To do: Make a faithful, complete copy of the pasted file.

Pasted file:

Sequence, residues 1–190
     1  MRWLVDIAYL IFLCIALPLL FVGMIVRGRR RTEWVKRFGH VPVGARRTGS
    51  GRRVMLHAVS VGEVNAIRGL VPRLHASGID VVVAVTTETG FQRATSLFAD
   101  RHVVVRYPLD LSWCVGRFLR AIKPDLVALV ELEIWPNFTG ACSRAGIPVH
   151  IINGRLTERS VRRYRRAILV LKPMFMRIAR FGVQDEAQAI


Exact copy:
Sequence, residues 1–190
     1  MRWLVDIAYL IFLCIALPLL FVGMIVRGRR RTEWVKRFGH VPVGARRTGS
    51  GRRVMLHAVS VGEVNAIRGL VPRLHASGID VVVAVTTETG FQRATSLFAD
   101  RHVVVRYPLD LSWCVGRFLR AIKPDLVALV ELEIWPNFTG ACSRAGIPVH
   151  IINGRLTERS VRRYRRAILV LKPMFMRIAR FGVQDEAQAI